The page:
Australian journalist Alan Morison and his colleague Chutima “Oi” Sidasathian must now wait until September 1 to learn whether they will face jail time after there three-day trial for defamation of the royal Thai Navy and so-called computer crimes concluded on the Thai holiday island of Phuket yesterday.

The charges carry a potential combined sentence of seven years in jail. The final day of the trail was devoted to the witnesses for the defence; the first two had been witnesses for the prosecution.

The pair had been hoping that their case wound be dropped after the full extent of the people-trafficking and human-smuggling rings — on which they had been reporting almost since the beginning of founding the Phuketwan website — came to light and was revealed as south-east Asia’s biggest refugee crisis since the Vietnam War.

But despite the best efforts of both the Australian government and people within the Thai military junta, it proceeded as planned from Tuesday through to Thursday this week.

“Freedom of the press, including freedom for journalists to operate without fear of reprisals, is essential in promoting transparency and accountability on issues of public interest,” the United Nations said in a statement.

It would have been worthy if the Australian government had made similar comments, but impressive behind-the-scenes-efforts and the attendance at the trial by two senior embassy officials did not translate into any strong public statements of support. This is now business as usual for Australia, which is cowed by authoritarian regimes across Asia, especially China, yet arcs up constantly at Indonesia, one of the region’s most democratic countries. Take from that what you will.

Abdul Kalam is a Bangkok-based activist and Rohingya community representative who has been used by government organisations and the Immigration Department to trace jungle camps for boat people and to interview the survivors.

He told the court that there were many Rohingya who told him there had been navy personnel involved in the selling of captured boat people to traffickers — as reported by Reuters in its July 17, 2013 story. Phuketwan quoted the Reuters story, and it is that quote that has got Morison and Sidasathian into trouble with the authorities.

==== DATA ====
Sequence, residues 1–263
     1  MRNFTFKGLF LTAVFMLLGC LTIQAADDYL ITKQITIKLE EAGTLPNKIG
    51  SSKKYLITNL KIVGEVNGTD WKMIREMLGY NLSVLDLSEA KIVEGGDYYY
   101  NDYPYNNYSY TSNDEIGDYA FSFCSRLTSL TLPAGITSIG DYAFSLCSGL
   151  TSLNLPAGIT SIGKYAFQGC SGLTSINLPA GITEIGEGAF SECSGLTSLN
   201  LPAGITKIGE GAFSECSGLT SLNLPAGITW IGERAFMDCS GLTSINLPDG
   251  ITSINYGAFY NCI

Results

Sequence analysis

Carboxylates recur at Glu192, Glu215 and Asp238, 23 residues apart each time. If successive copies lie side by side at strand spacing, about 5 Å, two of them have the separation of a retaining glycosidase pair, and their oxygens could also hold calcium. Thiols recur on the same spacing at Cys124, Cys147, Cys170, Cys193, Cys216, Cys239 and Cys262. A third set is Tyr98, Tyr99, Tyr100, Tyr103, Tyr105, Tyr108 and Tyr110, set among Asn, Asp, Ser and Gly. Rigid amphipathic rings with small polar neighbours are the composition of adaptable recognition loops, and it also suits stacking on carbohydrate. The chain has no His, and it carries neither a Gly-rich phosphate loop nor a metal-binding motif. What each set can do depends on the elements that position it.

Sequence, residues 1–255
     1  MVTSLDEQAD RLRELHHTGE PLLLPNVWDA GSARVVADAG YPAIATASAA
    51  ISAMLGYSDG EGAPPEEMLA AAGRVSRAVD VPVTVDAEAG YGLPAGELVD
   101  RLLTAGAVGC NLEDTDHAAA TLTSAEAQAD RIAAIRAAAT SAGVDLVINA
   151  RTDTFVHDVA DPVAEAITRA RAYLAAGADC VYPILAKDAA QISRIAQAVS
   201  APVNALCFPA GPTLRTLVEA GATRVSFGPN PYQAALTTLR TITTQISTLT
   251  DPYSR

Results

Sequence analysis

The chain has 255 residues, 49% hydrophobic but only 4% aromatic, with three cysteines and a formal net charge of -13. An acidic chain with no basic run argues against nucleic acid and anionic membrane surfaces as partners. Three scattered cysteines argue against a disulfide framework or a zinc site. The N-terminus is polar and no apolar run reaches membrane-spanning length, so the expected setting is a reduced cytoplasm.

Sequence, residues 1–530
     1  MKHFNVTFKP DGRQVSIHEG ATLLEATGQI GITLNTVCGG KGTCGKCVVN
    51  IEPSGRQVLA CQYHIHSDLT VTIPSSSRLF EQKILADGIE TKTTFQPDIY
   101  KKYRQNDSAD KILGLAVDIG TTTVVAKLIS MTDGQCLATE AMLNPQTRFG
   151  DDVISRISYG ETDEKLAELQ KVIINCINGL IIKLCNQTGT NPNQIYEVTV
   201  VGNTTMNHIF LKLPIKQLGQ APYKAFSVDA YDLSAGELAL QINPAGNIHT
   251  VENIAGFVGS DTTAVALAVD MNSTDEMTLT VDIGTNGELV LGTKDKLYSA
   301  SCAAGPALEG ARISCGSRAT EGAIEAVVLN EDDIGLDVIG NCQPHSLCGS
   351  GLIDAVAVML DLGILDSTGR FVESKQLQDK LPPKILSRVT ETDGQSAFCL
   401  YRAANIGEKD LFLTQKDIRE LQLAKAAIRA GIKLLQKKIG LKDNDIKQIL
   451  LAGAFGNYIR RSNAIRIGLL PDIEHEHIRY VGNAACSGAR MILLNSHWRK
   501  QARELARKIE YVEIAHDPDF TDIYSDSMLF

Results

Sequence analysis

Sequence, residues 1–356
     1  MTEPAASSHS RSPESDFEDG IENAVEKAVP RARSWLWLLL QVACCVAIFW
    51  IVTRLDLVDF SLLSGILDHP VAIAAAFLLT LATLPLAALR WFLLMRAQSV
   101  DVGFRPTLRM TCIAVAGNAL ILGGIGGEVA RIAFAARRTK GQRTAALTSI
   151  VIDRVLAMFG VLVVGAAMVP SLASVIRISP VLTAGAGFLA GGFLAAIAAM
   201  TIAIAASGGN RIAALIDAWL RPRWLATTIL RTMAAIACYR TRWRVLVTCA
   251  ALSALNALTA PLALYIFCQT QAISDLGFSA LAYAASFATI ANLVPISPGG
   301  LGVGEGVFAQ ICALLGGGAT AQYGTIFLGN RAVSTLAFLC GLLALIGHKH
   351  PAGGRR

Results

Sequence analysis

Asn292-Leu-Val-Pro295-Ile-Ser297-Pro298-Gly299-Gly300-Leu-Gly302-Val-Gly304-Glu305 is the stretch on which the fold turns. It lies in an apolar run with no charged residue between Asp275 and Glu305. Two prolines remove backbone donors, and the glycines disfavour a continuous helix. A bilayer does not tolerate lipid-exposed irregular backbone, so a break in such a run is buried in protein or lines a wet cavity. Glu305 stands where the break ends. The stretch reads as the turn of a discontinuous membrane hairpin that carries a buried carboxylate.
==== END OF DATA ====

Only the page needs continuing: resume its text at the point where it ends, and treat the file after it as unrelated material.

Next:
“His testimony indicated that an official investigation is needed into the allegations. That’s the reaction that should have followed two years ago when Reuters and Phuketwan first carried the information,” Morison told Crikey following the completion of the trial.

Kalam did not say whether that allegation were true or not, but he said the comment was made often when he worked as a translator.

Other expert witnesses, including Dr Niran Pitakwatchara from the Thailand Human Rights Commission, expanded on the previous evidence.

The small Phuket courtroom was so packed that a video feed of the proceeding had to be beamed into another court to accommodate the number of international and Australian observers of the trial, including representatives from Reporters Without Borders and the International Federation of Journalists.

The trial has inadvertently exposed fissures in the apparent unity of Thailand’s military forces. In an editorial this morning, English-language daily The Nation — generally seen as being supportive of the junta — wrote an editorial entitled “Shooting the messengers won’t restore the Navy’s ‘face'”.

The paper asked if the junta had “the courage and common sense to do the right thing” and drop the charges. It is not too late.

“The longer this case drags on, the more embarrassment Thailand must endure,” The Nation wrote.

“A more sensible approach would be to launch an inquiry into Reuters’ allegation. But instead of taking that route, the Navy has decided to harass the messengers.

“In doing so it threatens to set a precedent that would open the way to further persecution of civil society by the military. And choosing that path could damage the confidence of prospective investors both domestic and foreign, further undermining our already shaky economy.

“Shooting the messengers will do nothing to restore the Navy’s loss of face, but by doing the right thing and dropping the charges, it can at least retrieve its dignity.”

The pair face a potential seven-year jail term that Morison, 67, does not believe he would survive, given the bleak conditions in Phuket’s prison.

Last week the Thai government sent 100 Muslim Uighurs back to China, where they face almost certain continued persecution, possible jail sentences and even death. From Australia, again, not a peep.

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Peter Fray
Peter Fray
Editor-in-chief of Crikey
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